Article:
Open Water reviewed by Patricia Ducey

If you’re worn to a nub by the current political season and want to run screaming into the sea for relief, see "Open Water" first. Husband and wife team Chris Kentis and Laura Lau’s film will disabuse you of this notion. [more]

 Spiderman 2 reviewed by Patricia Ducey

He’s back! That scarlet spandexed, web-snapping, crime-wave-busting, angst ridden arachno-human Spiderman, and just in time to save the summer movie season. Heck, maybe the year. [more]

 The Terminal reviewed by Patricia Ducey

Steven Spielberg’s The Terminal is a sweet and unassuming fable that starts slow but steadily grows into a warmhearted romantic comedy, thanks in large part to the affecting acting of Tom Hanks, Catherine Zeta-Jones and a group of talented character actors. [more]

 I'm Not Scared reviewed by Patricia Ducey

Summer is synonymous with adventure and freedom, a holiday from job and school and all manner of boundaries, a time when people shake off the shackles of every day life and get into big trouble, if only temporarily. [more]

 What The Bleep reviewed by Don Thompson

First, a little disclaimer. This film that is the subject of this review was produced/directed by a friend of mine; this friend was also the co-producer of some of my own films and plays. [more]

 The Ladykillers reviewed by Diana Takata

I have often find the Coen Brothers amusing in a sadistic kind of way, kind of like a Three Stooges episode. The Ladykillers definitely reminded me of the Stooges, complete with physical humor and idiots gone rampant... [more]

 Touching The Void reviewed by Tom Meek

In Touching the Void, a mountain climber dangles from the end of a rope while his partner, three hundred feet above, waits for the signal (a succession of quick tugs) to descend. [more]

 The Barbarian Invasions reviewed by P. Ducey

For ‘60s lore, see instead Denys Arcand’s The Barbarian Invasions, deservedly garnering this year’s Best Foreign Film award, among many others. Invasions is another reminiscence based on boomer vanities... [more]

 The Dreamers reviewed by Patricia Ducey

The Dreamers is Bernardo Bertolucci’s valentine to the ‘60s, a time when both he and the world were young. The veteran Italian filmmaker (Last Tango in Paris, Besieged) sets his story in Paris in 1968... [more]

 Monster reviewed by Patricia Ducey

Serial killer movies have something for everybody. They provide nifty narrative trajectories that have stood the test of time: the pure gore fest, the morality play, or the indictment of society stories all are so familiar to moviegoers that we can all sing along. [more]

 Return Of The King reviewed by Diana Takata

Lord of The Rings: Return Of The King is, as most every human being on the face of the planet knows, the last installment of the trilogy from director Peter Jackson. Seen strictly as an entertainment, it is in many ways the most satisfying of the three films.[more]

 Lost In Translation reviewed by Patricia Ducey

Lost in Translation is a film “about nothing” that holds our attention and wins our hearts nonetheless. Writer/Director Sofia Coppola’s work eloquently turns back the veil a bit from the innermost recesses of the human heart. [more]

 Under The Tuscan Sun reviewed by E. Block

San Francisco has long offered Hollywood classical and magical movie locations. It is also a city where experimental and independent filmmaking, film festivals, and all around cinephilia thrive(s). [more]

 American Splendor reviewed by Elizabeth Block

Everywhere I go to find a good read some smarty-pants has a wildly ecstatic report on the movie adaptation of the underground anti-hero of Harvey Pekar’s autobiographical comic book series. So it’s my turn to weigh in on the already dubbed smash, American Splendor. [more]

 The Magdalene Sisters reviewed by P. Ducey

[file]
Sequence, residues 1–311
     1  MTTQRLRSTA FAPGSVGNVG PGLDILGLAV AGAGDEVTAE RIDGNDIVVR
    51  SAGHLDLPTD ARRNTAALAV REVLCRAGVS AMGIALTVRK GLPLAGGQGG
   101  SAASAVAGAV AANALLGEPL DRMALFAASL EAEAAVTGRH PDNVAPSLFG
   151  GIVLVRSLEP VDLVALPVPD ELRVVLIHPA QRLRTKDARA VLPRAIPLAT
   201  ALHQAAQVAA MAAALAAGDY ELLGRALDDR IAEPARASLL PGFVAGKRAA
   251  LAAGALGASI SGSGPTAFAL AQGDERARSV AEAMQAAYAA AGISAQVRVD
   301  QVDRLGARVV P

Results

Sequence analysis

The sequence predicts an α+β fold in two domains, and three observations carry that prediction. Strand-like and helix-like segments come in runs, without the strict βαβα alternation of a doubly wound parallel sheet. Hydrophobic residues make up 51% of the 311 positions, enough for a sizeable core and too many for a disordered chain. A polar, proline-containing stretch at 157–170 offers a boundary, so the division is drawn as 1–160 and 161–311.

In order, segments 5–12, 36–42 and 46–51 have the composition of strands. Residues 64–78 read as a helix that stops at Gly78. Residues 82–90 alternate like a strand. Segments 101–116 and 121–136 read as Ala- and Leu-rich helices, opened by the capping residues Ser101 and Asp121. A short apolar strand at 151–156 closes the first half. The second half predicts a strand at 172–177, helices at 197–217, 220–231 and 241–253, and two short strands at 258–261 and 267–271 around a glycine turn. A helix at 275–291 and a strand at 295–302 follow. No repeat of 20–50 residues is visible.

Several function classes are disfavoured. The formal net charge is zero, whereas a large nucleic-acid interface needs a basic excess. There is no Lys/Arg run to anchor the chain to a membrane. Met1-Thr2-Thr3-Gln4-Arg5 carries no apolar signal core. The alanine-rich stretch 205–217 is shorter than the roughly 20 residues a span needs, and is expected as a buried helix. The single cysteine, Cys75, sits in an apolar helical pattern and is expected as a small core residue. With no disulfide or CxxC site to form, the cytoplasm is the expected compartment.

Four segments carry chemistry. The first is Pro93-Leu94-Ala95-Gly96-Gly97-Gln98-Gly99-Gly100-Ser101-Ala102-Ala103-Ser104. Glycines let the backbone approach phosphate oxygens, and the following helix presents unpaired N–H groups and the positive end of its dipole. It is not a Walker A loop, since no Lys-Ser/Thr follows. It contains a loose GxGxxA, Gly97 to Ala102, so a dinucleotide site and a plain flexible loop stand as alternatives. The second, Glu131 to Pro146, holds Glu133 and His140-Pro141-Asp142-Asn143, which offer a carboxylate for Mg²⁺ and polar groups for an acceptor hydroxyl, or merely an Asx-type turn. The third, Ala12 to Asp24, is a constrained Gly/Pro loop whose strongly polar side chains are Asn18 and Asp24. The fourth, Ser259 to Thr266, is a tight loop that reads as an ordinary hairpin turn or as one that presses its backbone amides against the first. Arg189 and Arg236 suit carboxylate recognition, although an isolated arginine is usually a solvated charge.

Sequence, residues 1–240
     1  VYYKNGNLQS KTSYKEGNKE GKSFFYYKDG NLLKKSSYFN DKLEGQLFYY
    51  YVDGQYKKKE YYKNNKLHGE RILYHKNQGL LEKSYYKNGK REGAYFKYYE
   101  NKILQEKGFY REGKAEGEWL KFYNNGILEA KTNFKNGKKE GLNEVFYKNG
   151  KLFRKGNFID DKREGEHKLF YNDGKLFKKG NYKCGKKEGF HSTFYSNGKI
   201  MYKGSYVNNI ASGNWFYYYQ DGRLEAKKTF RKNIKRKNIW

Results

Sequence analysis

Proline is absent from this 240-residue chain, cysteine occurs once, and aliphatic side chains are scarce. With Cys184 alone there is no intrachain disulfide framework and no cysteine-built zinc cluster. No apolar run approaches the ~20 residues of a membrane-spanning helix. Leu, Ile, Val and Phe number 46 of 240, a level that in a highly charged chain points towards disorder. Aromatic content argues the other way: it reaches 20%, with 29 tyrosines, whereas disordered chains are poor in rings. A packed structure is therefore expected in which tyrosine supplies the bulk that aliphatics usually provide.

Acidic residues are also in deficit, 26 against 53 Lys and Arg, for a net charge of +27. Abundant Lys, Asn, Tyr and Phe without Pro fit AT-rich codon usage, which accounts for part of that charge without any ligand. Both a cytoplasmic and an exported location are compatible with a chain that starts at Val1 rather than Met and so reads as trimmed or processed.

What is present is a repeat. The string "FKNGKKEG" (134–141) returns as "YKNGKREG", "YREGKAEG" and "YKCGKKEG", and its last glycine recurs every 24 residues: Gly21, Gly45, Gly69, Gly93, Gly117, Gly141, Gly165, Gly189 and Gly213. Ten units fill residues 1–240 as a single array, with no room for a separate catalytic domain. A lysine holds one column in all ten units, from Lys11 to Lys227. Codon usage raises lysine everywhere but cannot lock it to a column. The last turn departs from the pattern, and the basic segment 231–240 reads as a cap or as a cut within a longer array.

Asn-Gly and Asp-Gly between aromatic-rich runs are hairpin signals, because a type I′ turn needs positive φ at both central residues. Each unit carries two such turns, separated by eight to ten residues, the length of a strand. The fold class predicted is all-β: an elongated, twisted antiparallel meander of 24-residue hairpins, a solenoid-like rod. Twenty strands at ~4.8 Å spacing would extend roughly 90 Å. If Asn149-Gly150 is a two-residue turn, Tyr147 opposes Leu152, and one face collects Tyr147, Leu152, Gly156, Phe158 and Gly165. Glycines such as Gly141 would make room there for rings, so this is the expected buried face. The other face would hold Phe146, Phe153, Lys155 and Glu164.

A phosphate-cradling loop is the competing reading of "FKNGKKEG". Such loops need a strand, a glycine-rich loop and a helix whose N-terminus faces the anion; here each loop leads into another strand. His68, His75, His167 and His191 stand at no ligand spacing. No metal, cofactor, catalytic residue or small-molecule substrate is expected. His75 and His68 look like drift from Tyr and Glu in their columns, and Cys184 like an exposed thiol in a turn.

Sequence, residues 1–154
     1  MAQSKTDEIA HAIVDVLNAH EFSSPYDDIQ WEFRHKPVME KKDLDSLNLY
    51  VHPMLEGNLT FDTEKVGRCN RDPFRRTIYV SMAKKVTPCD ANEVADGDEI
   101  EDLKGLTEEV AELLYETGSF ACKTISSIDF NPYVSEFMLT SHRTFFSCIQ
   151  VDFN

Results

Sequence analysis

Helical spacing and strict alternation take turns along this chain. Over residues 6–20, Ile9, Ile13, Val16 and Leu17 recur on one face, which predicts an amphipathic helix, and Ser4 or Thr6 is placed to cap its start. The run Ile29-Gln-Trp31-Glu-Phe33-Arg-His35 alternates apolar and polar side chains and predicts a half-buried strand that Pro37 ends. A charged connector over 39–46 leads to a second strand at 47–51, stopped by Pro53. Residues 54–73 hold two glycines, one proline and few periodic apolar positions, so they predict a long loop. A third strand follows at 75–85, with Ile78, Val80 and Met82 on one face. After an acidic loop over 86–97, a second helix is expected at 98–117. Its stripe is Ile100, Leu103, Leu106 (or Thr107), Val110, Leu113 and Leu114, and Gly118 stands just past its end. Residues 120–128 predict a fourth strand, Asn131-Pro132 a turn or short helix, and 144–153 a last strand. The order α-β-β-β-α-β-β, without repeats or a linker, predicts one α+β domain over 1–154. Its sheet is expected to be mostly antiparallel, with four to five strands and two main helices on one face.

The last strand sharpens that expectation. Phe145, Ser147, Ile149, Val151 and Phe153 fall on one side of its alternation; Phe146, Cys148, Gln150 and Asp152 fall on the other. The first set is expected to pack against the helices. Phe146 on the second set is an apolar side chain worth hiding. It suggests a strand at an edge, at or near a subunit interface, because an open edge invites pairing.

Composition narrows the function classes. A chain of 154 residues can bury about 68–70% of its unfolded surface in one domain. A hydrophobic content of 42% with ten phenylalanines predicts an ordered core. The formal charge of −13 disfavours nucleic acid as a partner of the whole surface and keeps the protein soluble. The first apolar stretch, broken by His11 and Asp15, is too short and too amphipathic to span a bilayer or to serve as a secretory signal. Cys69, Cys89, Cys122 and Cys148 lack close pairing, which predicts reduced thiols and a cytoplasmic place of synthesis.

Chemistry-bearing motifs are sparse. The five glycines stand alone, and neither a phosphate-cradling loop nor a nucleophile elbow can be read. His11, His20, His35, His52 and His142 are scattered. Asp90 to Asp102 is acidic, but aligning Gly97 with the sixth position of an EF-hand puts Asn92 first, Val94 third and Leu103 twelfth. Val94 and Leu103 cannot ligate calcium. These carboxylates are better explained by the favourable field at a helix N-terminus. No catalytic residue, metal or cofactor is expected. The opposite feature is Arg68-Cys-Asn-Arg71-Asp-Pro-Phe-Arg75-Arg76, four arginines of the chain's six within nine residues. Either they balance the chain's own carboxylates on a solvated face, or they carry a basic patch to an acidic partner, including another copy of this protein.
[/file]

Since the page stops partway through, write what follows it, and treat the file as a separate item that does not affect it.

The Magdalene Sisters, written and directed by Scottish filmmaker Peter Mullan, tells the story of four young Irish women -- composites of many actual women -- who were incarcerated in Ireland’s now infamous Magdalene Laundries in the late 1960s. [more]

 Hulk reviewed by Patricia Ducey

Young scientist Bruce Banner (Eric Bana) works with former love Betty Ross (Jennifer Connelly). They remain friends even though his emotional remoteness has destroyed their relationship. But the dark forces lying just beneath his bland exterior... [more]

 Whale Rider reviewed by Annie Reid

Coastal Maori in Whangara, New Zealand, claim a line of descent from Paikea, the mythical first man, whose canoe overturned near the shore. His cries for help were answered by a whale, who carried him to shore... [more]

 Capturing the Friedmans reviewed by P. Ducey

For those of you who like your Bad Dads straight up, no CGI, and with a beer chaser, see Capturing the Friedmans, the best movie/film/documentary of my summer. [more]

 Holes reviewed by Diana Takata

The Tweens are coming and they care more about human problems than most adults. That's the underlying message of Holes, a cross between Cool Hand Luke and The Hardy Boys, an ostensible family film that pricks at many American social taboos. [more]

 The Quiet American reviewed by Diana Takata

Better known for action films such as Patriot Games and The Saint, director Phillip Noyce has turned from Hollywood blockbusters and begun making independently-minded films about deeply human subjects. [more]

 Frida reviewed by Kimberly NIchols

In the biopic Frida, Salma Hayek plays renowned Mexican artist Frida Kahlo, first as a little girl running through town in her parochial school uniform; then as a feisty and unruly child who wears men's suits for the family portraits. [more]

 Bowling for Columbine reviewed by S. Friedman

Here are the facts: Last year there were 381 firearm homicides in Germany. There were 165 in Canada, and 39 in Japan. In the United States, there were 11, 127. [more]

 The Wilco Movie reviewed by Kimberly Nichols

It's midnight in Los Angeles and I sit in a corner movie theater that has been completely morphed and pasteurized by its shiny proximity to Hollywood -- the infamous Tower Records and the Hustler store -- and I sit pondering art. [more]

 The Four Feathers reviewed by Diana Takata

While Shekhar Kapur's Academy award winning Elizabeth (starring Cate Blanchet) was about as good a English language feature debut as one could ask for, Kapur's followup The Four Feathers left me looking for something more, confused by the filmmaker's intentions. [more]

film reviews
SolPix Picks